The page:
Legal Peril

For several weeks we have used the pages of Swimwatch to discuss judicial investigations being conducted into the behaviour of Swimming New Zealand (SNZ) and the New Zealand Olympic Committee (NZOC). Several thousand words have been written on the detail of each case. And that is a problem. It means the cases get mixed up and merge together – confusion reigns. It is difficult to distinguish the wood for the trees. In order to provide some clarity therefore this post will summarise each investigation.

Investigation One –The Marris Report

This refers to a complaint that was made about my coaching. SNZ saw it as a chance to get rid of David Wright. They paid a hefty sum to employ a criminal psychotherapist, Michael Marris, to investigate. Before agreeing to participate in the investigation I asked SNZ for an assurance I would be supplied with a copy of the Marris Report. SNZ promised this would be the case. But they lied.

When the report was completed I asked for my copy, Steve Johns sent me a flat refusal. I have little doubt that the report is extremely critical of those who made the complaint and SNZ for the way the complaint was handled. The last thing SNZ wanted was for me to get a copy of that sort of information.

And so I complained to the Privacy Commissioner. The Commissioner is currently considering how much of the Marris Report I am entitled to read. SNZ has employed a lawyer to contest the release of any information from the report. Whatever it says must be bad because SNZ have taken the position that nothing, not one word, in the report should be released. But the Commissioner will decide I expect sometime during April.

If the Commissioner decides to release the report, even in a redacted form, I suspect SNZ will continue to deny me access. Courage and honesty are not words that spring to mind when you think of SNZ. If that happens I will file a case with the Human Rights Tribunal who can order SNZ to comply and can levy fines and compensation. I intend to ask for both.

Investigation Two – Refugee Application

Eyad Masoud’s entry into New Zealand as a refugee was approved by Immigration New Zealand (INZ) in February 2018. The better facilities and training in New Zealand meant his swimming improved quickly. He now has best short course times as shown in table below.

Event Best SC Time
50 Free 23.64
100 Free 51.71
200 Free 2:01.14
50 Breast 30.12
50 Fly 25.54
100 Fly 57.61
100 IM 1:00.53

The freestyle 50 and 100 times arguably make Eyad the fastest refugee in the world. He decided to apply to join the International Olympic Committee’s refugee team. The procedure required Eyad to complete an Application Form and have it approved as accurate by SNZ and the NZOC and then sent on to the IOC.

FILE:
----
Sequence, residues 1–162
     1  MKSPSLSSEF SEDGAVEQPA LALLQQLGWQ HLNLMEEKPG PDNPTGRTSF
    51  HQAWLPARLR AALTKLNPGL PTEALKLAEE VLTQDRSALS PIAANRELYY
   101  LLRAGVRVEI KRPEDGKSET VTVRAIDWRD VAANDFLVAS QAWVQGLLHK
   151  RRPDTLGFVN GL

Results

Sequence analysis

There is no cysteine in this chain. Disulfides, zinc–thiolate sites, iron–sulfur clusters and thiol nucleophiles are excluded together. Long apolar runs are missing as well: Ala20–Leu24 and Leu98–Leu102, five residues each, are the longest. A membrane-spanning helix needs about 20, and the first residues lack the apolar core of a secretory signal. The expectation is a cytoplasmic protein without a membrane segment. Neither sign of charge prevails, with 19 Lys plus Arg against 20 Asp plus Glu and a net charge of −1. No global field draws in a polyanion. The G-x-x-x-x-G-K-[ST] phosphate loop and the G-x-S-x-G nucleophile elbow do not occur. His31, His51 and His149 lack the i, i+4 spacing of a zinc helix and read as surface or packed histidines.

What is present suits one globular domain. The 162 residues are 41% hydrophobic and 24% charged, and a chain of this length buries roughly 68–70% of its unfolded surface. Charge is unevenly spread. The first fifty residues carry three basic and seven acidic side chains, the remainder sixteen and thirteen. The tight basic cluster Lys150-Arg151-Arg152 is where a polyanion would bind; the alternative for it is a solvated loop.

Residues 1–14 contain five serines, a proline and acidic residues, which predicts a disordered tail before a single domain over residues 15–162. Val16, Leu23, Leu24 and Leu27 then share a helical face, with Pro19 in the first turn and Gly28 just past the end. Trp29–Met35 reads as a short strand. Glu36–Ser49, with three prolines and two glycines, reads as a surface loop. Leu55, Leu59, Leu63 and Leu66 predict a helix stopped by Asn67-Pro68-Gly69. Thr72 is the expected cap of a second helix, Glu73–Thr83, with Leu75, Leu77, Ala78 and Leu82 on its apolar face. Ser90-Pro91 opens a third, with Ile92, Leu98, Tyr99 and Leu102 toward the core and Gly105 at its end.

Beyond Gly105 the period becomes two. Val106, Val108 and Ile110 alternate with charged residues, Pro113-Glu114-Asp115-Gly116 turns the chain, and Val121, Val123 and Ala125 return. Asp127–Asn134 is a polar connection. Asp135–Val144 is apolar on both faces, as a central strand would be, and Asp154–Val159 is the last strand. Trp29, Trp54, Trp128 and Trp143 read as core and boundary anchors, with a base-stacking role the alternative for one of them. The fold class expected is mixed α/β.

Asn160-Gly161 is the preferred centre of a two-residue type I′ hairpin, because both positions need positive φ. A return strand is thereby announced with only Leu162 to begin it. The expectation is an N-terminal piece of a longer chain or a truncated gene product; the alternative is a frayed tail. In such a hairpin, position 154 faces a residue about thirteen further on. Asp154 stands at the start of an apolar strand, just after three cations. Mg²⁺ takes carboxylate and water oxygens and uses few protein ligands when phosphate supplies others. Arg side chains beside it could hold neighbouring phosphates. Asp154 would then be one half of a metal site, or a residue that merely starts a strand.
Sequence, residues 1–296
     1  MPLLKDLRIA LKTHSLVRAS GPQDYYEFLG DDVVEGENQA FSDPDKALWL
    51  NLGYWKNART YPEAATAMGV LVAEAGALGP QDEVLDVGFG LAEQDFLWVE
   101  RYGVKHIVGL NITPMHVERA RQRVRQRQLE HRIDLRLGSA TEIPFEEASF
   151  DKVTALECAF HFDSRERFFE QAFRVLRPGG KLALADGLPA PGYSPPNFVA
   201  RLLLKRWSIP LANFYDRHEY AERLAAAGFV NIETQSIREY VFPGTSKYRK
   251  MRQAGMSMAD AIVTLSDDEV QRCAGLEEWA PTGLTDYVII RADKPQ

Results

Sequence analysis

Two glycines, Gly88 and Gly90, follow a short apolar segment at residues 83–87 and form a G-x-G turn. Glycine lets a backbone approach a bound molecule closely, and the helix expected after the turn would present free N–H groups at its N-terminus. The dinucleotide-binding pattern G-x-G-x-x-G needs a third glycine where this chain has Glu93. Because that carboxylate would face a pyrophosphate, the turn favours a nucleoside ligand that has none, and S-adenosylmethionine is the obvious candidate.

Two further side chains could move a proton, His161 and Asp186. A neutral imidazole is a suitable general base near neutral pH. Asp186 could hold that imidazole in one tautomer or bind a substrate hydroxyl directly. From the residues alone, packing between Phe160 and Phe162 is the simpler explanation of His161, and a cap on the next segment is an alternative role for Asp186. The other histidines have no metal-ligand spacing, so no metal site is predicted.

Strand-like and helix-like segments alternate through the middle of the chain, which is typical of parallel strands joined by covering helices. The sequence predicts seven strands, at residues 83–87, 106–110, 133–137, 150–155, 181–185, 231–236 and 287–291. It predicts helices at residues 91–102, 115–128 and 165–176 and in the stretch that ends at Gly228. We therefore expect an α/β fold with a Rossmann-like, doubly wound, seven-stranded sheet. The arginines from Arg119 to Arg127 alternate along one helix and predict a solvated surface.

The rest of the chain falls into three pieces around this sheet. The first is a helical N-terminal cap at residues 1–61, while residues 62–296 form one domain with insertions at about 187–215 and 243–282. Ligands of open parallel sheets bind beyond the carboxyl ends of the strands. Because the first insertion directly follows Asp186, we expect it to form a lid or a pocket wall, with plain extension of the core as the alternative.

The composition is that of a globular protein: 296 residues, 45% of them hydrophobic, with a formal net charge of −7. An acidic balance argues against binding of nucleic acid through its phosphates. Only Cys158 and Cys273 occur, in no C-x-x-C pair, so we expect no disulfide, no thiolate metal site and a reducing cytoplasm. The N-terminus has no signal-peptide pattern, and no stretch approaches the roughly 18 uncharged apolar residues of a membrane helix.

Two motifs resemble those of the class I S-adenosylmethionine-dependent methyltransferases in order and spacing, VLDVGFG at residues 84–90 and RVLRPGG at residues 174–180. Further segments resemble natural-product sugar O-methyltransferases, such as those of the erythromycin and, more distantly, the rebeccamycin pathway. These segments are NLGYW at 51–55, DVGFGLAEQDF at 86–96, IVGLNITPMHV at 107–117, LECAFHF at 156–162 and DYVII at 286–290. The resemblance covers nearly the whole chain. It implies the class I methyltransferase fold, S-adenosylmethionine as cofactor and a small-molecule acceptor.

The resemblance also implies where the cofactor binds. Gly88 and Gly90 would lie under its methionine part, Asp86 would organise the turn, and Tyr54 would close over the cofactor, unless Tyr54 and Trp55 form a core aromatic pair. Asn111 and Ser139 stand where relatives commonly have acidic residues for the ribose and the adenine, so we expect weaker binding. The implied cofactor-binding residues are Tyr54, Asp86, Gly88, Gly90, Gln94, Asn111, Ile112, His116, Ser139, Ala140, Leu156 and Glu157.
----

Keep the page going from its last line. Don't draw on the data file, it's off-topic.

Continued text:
The NZOC and SNZ confirmed the accuracy of the Application but refused to send it on to the IOC. They said Eyad was not fast enough to swim for New Zealand. Of course that had nothing to do with swimming in the refugee team. No refugee in the world is fast enough to swim in the New Zealand national team.  I applied to the Human Rights Commission for arbitration. Both SNZ and the NZOC refused to participate in arbitration.

I have now applied to the Human Rights Tribunal for the case to be considered by the Court. I am waiting to hear whether the Tribunal will accept the case. The Tribunal has the power to order SNZ and the NZOC to reconsider Eyad’s Application.

Three days ago I began a petition asking SNZ and the NZOC to reconsider their decision to reject Eyad’s application.  As at 10.30 tonight 518 swimming people around the world thought the cause was sufficiently important to sign their name to the petition. Thank you. I am certain that the New Zealand Minister of Sport, the Prime Minister, the IOC, the IOC Athletes Commission, the FINA Athletes Commission, Global Athletes and the main stream media here and overseas will eventually find that level of support of great interest.

If you have a minute here is the link to the petition. Your help would be deeply appreciated.

Investigation Three – Monopoly Control

This investigation is yet to begin. I anticipate we will have it underway by the end of 2019. The investigation is a copy of a legal challenge currently before the court in the United States. The case will argue that the SNZ Constitution violates New Zealand’s anti-monopoly laws. The Constitution says only SNZ can control competitive swimming in New Zealand. That is illegal. That is the case we will put to the court. We want to see a sport where any club or organization can put on a meet; where any swimmer can compete anywhere in the world against anybody without being held hostage by SNZ.  For too long SNZ has basked in their monopoly power. It is time for a change and that is what I will set out to achieve – the court willing.


So that in less than 1000 words is a summary of what’s on the agenda for 2019. I will of course let you know how each investigation progresses – win or lose.

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